Example configurations for PowerShell Protect.

Below you will find specific examples of using PowerShell Protect. These examples assume you have the PowerShell Protect module and AMSI provider installed. You can learn more about installation on the Getting Started page.

Disable Windows PowerShell

This following examples checks to see if the application name contains the value "powershell.exe". Application name's are provided by AMSI and typically look like: PowerShell_C:\Windows\System32\WindowsPowerShell\v1.0\powershell.exe_10.0.19041.1.

$Condition = New-PSPCondition -Property "ApplicationName" -Contains -Value "powershell.exe"
$Block = New-PSPAction -Block
$Rule = New-PSPRule -Name "Web Request" -Condition $Condition -Action $Block
$Config = New-PSPConfiguration -Rule $Rule -Action $Block -License "<License></License>"
Set-PSPConfiguration -Configuration $Config -FileSystem

You could adjust this example to disable PowerShell 7 by using pwsh.exe rather than powershell.exe.

Log Commands Executed by Administrators to a File

The following example checks to see if an administrator is running commands. If so, it writes the commands to a file. You could also send these commands to a SIEM or an HTTP server like PowerShell Universal.

$Condition = New-PSPCondition -Property "Admin" -Contains -Value "true"
$Block = New-PSPAction -File -Path "C:\users\adamr\desktop\admincommands.txt" -Format "{script}" -Name 'AdminFile'
$Rule = New-PSPRule -Name "Admin Command" -Condition $Condition -Action $Block
$Config = New-PSPConfiguration -Rule $Rule -Action $Block -License "<License></License>"
Set-PSPConfiguration -Configuration $Config -FileSystem

Display Log Messages in PowerShell Universal

This example configures PowerShell Protect to send log messages to a PowerShell Universal instance. It sends HTTP POST requests to the configured server.

PowerShell Protect Configuration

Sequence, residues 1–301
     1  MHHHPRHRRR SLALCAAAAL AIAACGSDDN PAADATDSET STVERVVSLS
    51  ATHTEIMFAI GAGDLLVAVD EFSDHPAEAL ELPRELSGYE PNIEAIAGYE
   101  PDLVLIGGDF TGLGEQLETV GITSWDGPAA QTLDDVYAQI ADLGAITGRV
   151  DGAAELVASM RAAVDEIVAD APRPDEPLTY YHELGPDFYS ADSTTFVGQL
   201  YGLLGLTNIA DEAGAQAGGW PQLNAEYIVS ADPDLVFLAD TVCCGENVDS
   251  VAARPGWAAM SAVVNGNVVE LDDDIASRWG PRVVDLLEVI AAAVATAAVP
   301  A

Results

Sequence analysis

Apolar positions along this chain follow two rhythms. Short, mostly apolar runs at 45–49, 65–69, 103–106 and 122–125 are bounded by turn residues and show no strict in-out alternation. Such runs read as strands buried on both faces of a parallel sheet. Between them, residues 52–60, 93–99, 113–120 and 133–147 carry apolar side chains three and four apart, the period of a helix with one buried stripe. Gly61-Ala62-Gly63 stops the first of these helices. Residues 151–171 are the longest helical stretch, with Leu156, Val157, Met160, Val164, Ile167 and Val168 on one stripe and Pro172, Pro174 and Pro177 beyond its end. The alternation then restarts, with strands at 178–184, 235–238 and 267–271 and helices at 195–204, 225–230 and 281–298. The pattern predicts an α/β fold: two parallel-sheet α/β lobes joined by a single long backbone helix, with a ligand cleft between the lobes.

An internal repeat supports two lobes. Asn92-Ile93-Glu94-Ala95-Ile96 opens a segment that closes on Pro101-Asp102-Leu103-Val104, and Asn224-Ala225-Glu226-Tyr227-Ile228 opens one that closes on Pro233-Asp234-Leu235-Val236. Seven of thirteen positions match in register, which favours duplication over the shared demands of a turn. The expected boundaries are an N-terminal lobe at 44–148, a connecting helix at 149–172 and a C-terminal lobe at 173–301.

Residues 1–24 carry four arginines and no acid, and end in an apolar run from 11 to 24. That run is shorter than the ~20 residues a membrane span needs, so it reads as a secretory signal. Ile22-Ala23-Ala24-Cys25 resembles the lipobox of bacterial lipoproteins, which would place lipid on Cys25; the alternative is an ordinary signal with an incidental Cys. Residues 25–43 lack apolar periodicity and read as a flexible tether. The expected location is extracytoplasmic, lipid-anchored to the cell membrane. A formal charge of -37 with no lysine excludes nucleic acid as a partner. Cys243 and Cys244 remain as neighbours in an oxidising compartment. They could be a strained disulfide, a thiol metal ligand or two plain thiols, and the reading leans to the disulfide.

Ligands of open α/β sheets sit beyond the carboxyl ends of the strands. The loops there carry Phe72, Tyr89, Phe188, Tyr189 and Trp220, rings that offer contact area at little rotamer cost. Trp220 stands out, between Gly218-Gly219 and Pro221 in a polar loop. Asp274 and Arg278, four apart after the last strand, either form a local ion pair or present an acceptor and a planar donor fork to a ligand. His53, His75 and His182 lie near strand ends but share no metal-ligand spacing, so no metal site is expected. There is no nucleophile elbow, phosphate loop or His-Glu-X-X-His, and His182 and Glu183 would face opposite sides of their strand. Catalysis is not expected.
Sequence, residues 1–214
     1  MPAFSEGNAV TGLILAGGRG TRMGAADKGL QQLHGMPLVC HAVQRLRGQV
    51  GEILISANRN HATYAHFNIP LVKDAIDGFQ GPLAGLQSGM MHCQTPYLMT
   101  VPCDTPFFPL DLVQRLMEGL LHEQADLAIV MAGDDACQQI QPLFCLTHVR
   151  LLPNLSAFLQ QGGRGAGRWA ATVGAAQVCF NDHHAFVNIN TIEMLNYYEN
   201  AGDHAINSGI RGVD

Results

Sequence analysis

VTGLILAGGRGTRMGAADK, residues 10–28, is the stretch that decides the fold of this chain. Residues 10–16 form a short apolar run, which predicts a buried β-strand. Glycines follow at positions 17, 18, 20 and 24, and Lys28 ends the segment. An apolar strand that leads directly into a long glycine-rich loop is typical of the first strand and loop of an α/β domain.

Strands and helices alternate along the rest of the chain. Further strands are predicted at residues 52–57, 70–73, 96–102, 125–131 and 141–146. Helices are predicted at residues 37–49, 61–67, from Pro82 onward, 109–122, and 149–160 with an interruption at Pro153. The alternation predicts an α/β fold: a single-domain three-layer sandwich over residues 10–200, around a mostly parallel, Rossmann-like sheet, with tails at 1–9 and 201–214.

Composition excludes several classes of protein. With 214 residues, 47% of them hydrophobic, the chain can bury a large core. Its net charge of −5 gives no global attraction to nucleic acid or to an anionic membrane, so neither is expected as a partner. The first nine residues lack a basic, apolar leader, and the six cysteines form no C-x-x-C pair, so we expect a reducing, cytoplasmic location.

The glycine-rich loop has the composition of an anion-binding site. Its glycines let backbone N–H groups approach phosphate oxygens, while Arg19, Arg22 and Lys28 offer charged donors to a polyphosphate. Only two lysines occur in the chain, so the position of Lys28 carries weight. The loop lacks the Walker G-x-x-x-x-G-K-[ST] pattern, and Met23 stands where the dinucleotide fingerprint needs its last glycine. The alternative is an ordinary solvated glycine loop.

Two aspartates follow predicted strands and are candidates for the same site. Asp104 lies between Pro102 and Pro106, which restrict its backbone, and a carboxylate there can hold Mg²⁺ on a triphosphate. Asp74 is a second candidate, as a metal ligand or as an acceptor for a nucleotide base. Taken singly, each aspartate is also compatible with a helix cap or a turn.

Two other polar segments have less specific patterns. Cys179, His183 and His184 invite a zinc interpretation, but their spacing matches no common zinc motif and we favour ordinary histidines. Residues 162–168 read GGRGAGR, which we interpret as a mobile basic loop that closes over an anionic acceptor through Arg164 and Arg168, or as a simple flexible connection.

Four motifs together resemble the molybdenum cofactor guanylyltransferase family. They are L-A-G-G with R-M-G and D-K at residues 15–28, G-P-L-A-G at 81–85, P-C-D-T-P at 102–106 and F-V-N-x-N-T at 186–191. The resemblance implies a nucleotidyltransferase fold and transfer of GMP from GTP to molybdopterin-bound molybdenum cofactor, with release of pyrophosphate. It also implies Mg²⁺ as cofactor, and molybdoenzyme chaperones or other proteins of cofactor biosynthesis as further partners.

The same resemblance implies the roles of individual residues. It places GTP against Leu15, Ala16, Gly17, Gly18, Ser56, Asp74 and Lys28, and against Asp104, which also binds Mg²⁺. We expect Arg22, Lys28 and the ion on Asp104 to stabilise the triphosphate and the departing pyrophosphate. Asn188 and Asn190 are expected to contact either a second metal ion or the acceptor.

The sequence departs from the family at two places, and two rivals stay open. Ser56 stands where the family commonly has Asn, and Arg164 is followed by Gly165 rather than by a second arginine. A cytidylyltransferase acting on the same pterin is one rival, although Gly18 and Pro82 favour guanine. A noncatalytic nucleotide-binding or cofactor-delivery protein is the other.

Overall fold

This configuration checks to see if the user has included the string \\corp\human-resources anywhere in their script. If they do, it sends an HTTP POST to the URL http://localhost:8080/protect

The body of the HTTP request will contain the computer name and user name separated by a comma.

$Condition = New-PSPCondition -Property "script" -Contains -Value "\\corp\human-resources"
$Block = New-PSPAction -Http -Address "http://localhost:8080/protect" -Format "{computerName},{userName}" -Name 'Universal'
$Rule = New-PSPRule -Action $Block -Condition $Condition -Name "HR Share"
$Config = New-PSPConfiguration -Rule $Rule -Action $Block -License "<License></License>"
Set-PSPConfiguration -Configuration $Config -FileSystem

PowerShell Universal Configuration

This PSU configuration defines an endpoint to accept the POST data from PowerShell Protect. It then saves the data to a file. It also defines a dashboard that will read the data and display it in a table. This assumes that you have installed the PowerShell Universal module and server.

Start-PSUServer -Port 8080 -Configuration {
New-PSUEndpoint -Url "/protect" -Method POST -Endpoint {
$Data = "$Env:Temp\data.csv"
if (-not (Test-Path $Data))
"computer,user" | Out-File $Data
$Body | Out-File $Data
New-PSUDashboard -Name "Protect" -Content {
New-UDDashboard -Title 'Protect' -Content {
$Data = Import-Csv -Path "$Env:Temp\data.csv"
New-UDTable -Data $Data

Here is an example of the output for the dashboard.